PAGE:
The only people who didn’t immediately adopt millennial were…millennials themselves. Many (particularly, perhaps, those on the older end of the millennial spectrum) rejected the term and its associations with entitlement, narcissism, and short attention spans—along with a general distaste for being squeezed into tiny little boxes by the marketing industry.
Search interest on Google for millennial and its variants since 2004. Google / Via trends.google.com
As we liked to muse around the newsroom, sipping our pamplemousse LaCroix, it’s reductive and unproductive to think of a generation defined by its diversity as a singular, homogeneous entity. The term, we argued, was much like the word hipster—one that loosely connects people who share vaguely similar cultural interests slightly outside the mainstream—except one is either objectively a millennial or not, and they will be for the rest of their lives. (Fear of commitment: another millennial stereotype!)
And so at first millennial existed largely as a way for “olds” to refer to the younger generation. We spat it out ironically and rolled our eyes at its use. But perhaps every label used to describe the current coming-of-age generation has always leaned toward the pejorative, in a get-off-of-my-lawn kind of way. In fact, a 2015 Pew study found that while 60 percent of 18- to 34-year-olds don’t consider themselves a millennial, this rejection of a generational label isn’t unique—only 58 percent of Gen Xers identify as such, and 82 percent of the so-called silent generation don’t love their name either.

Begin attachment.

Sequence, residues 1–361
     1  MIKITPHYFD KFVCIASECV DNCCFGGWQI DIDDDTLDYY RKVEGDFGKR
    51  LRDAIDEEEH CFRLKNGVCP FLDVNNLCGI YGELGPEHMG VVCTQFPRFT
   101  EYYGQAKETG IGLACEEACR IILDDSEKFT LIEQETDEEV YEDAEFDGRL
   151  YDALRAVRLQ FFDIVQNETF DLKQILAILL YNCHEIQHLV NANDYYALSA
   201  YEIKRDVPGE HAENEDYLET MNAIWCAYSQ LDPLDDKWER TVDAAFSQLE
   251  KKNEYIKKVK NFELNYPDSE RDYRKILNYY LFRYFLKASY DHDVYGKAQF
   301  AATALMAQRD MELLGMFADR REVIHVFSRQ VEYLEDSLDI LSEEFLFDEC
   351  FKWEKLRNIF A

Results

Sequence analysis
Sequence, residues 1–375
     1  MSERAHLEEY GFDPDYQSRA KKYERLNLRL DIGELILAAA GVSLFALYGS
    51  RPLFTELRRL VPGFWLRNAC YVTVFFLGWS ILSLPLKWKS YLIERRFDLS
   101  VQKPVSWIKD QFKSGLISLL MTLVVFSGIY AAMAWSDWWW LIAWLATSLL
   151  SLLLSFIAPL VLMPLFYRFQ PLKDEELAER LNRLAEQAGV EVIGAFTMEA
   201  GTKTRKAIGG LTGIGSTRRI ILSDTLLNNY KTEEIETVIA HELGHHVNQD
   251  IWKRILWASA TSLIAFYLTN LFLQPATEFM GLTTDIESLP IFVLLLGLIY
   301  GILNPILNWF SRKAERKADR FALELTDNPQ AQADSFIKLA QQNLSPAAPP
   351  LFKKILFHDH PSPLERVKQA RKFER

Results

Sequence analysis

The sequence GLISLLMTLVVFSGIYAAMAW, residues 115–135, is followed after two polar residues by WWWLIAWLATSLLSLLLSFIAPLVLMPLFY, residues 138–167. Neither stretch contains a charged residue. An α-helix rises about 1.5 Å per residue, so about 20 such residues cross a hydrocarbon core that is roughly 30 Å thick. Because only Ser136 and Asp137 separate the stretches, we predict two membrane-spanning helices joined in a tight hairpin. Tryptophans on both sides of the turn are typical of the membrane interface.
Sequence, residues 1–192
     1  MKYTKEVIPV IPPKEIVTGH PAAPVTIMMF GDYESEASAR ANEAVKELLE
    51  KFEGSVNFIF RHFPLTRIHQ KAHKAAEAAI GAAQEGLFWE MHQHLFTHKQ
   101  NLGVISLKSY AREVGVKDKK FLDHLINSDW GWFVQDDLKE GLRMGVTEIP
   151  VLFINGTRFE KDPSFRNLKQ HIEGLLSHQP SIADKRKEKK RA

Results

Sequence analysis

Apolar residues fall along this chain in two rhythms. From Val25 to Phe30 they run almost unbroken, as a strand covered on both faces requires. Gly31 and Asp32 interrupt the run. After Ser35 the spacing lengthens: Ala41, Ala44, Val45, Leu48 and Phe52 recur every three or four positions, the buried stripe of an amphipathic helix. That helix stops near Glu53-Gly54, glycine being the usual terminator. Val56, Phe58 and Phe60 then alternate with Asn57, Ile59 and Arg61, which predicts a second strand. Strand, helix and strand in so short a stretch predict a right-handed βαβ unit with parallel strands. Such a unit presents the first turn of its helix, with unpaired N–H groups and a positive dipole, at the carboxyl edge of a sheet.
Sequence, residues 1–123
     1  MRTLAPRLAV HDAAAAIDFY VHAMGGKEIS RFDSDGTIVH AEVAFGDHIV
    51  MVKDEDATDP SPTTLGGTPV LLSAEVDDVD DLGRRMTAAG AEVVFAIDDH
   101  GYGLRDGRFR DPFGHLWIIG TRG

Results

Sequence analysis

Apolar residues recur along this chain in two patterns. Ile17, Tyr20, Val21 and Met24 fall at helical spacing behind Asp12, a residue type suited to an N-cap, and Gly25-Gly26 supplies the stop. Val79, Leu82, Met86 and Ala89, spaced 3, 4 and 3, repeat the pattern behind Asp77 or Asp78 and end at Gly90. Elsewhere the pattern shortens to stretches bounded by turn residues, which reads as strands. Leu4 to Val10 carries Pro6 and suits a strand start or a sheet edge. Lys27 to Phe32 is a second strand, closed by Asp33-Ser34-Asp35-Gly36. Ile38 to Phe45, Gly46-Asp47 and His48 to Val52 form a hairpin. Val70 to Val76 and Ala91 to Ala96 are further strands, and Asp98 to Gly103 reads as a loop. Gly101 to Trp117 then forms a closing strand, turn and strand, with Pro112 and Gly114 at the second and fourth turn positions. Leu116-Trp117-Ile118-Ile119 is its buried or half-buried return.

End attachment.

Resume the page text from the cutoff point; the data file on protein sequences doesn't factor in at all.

Over the last few years, though, the ground has gradually shifted despite our efforts to stand strong—as evidenced by a host of published stories bearing some iteration of the title “No, ‘millennial’ is not a dirty word,” as well as an entry for millennial in the Merriam-Webster dictionary online. In May 2015, even Smith acknowledged that “maybe this is a losing battle, but let’s not surrender yet,” citing a Public Religion Research Institute study. BuzzFeed News tech reporter Joseph Bernstein called our guideline “prescriptive and slightly dogmatic” when we pushed back on his use of the term—even though we’d admitted our alternative was “slightly clumsier.” We were stuck with a laughable number of imprecise, ever-changing words for this age group. And so we revised our entry in November 2015 to get a little more specific, making a note to avoid the term “except when referring specifically to demographics.” This is how it’s remained for the last year and a half or so.
It seems that millennials have now reclaimed millennial. Pretty soon, we were saying it grudgingly, ironically, with a bit of a wink of self-deprecation. (Yes, this is a thing we have done, and will probably continue to do, on BuzzFeed, in individualistic defiance of our style guide.)
And today we are today flying the white flag, announcing our surrender to the term’s unironic usage and acknowledging its journey from cheesy marketing buzzword we tried desperately to combat to just another everyday descriptive word in our vernacular. (But please make sure you use two n’s and lowercase it, per BuzzFeed style.)